If Only All Subway Sandwich Shops Were Actual Subway Stations
There are upwards of 140 Subway sandwich shops in the Baltimore metropolitan region, which is a whole lot more than there are actual subway transit stops (which, as you may recall from that early Subway wallpaper, provided the original inspiration for the franchise). Baltimore today has just one partially underground subway line running from Owings Mills to the Johns Hopkins Hospital. Otherwise, the city primarily gets around by car, bus and light rail.
You can image, though, how the ubiquitous sandwich shop might get a transit enthusiast thinking. And so we bring you, thanks to Baltimore resident Chris Nelson, this dream map of a subway system for the region if all its Subway restaurants were actual transit stops.
Nelson runs a well-known site in the city, burgersub.org, that’s been plotting regional homicides in the area since 2005 on Google Maps. The Subway/subway project was a bit of a departure. “As far as my thinking,” Nelson tells us in an email, “well I like to imagine what my city would be like if I were running all the planning decisions.”
His above map was made to resemble this hopeful subway system sketched by the Greater Baltimore Committee as part of its vision for the city in the year 2030. To model something similar in the nexus of sandwich shops, Nelson used every Subway in Baltimore City, and all but two in Baltimore County (the other two, he says, are located in a rural northern part of the county where it obviously wouldn’t make sense to run a subway line). There are also some Subways thrown in from Anne Arundel and Howard counties.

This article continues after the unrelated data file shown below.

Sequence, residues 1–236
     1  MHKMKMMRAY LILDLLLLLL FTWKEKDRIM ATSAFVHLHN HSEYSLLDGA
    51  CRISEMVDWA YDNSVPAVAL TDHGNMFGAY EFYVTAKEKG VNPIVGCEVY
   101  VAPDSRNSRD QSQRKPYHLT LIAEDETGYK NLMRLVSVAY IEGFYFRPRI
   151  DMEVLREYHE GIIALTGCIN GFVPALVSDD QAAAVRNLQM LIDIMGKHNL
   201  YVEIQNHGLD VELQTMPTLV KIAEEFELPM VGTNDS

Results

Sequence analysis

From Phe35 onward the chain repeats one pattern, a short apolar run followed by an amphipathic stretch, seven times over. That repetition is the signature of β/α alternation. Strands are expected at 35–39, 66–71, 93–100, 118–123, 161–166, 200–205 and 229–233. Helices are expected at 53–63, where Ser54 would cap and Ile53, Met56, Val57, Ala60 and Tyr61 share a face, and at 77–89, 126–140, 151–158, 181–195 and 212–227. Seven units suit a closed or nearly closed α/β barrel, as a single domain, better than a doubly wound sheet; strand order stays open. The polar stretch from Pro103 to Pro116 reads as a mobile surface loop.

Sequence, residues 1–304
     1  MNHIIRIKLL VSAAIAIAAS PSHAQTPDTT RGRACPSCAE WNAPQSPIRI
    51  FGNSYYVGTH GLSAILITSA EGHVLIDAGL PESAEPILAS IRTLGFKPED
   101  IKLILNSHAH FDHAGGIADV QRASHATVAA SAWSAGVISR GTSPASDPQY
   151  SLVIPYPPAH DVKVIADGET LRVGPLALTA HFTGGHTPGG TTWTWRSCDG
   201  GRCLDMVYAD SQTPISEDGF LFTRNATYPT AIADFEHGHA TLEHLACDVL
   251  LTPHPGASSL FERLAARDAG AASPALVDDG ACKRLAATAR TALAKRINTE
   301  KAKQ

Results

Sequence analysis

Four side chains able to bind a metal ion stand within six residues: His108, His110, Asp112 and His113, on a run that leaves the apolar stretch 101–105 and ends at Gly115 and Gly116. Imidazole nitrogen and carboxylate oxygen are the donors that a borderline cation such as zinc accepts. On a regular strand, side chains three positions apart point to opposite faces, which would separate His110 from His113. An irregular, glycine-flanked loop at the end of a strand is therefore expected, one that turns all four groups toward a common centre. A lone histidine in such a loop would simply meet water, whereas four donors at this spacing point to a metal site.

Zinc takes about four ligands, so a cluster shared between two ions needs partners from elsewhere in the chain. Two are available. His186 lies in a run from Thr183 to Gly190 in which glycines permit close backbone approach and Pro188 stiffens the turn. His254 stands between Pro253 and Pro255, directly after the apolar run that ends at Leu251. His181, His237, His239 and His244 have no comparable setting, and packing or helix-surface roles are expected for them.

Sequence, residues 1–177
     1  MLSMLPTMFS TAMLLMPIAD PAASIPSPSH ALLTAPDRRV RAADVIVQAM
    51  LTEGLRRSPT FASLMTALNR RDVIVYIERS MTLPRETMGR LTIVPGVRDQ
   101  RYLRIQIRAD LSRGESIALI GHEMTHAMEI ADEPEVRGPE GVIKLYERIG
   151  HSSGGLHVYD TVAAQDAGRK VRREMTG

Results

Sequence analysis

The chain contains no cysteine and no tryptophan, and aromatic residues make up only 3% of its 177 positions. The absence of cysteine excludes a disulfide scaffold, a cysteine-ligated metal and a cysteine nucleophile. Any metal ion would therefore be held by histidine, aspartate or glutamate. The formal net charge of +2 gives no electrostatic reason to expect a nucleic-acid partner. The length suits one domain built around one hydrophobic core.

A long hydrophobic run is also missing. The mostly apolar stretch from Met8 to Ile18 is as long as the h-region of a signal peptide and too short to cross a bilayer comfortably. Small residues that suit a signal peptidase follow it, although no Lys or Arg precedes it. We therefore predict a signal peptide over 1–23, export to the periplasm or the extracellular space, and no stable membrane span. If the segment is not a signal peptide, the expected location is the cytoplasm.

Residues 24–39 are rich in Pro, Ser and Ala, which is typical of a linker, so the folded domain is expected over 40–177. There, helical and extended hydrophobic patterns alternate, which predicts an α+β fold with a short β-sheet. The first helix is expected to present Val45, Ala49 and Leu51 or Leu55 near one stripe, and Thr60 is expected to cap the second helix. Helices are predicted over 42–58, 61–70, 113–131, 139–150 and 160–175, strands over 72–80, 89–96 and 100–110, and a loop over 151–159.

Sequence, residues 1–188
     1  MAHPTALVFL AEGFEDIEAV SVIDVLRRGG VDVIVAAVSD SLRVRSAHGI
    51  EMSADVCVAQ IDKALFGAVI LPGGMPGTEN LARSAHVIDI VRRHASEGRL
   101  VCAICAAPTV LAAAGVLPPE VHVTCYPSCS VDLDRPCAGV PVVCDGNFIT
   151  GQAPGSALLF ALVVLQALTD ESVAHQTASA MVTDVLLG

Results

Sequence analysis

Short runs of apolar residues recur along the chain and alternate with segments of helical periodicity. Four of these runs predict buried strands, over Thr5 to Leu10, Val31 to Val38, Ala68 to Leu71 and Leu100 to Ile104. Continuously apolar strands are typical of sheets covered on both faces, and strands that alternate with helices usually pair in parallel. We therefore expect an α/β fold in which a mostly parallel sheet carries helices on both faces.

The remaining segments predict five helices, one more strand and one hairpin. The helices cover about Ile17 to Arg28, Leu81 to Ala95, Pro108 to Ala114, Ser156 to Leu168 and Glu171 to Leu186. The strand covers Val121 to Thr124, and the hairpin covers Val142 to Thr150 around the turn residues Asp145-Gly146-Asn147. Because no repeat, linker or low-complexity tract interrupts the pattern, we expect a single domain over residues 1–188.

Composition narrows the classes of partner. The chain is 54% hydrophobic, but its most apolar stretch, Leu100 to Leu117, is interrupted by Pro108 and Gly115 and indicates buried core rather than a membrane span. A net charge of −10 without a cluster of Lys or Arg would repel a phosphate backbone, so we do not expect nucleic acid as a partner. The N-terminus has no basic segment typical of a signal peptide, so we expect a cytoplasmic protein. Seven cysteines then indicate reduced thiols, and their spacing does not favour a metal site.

You may notice that some of the Subways on Nelson’s map are listed by the company as “coming soon.” But they’re all the same for Nelson’s purposes – the point is that the sandwich chain serves pretty much everyone… unlike, too often, public transit.
If you have a car, you know the convenience of getting in and driving directly to where you want to go. You might enjoy this enough to wonder why you should bother taking public transportation at all. But you can give back and gain so much by taking the train, bus, subway, or ferry. Start with the environmental benefits of leaving your car behind in favor of public transit: reducing carbon emissions and our collective use of non-renewable oil. It can be good for people, too. Without having to fill up at the pump, you can save money on gas and vehicle maintenance. And without having to pay attention to the road, you’re free to read a magazine, prepare for a presentation, or study for an exam. When you’re sharing a ride on public transit, you can interact with other passengers—or discretely eavesdrop on conversations. You can daydream or doze, solve a crossword puzzle or play a word game with friends on your smartphone. Do it for a day, a week, or simply more often.
Eutaw Street at Lexington Street
MTA Maryland Route 91/NB/Sinai Hospital via Rogers Station
World Famous Lexington Market (pictured, right)
March 24, 2013 / 41°F / Cloudy Overcast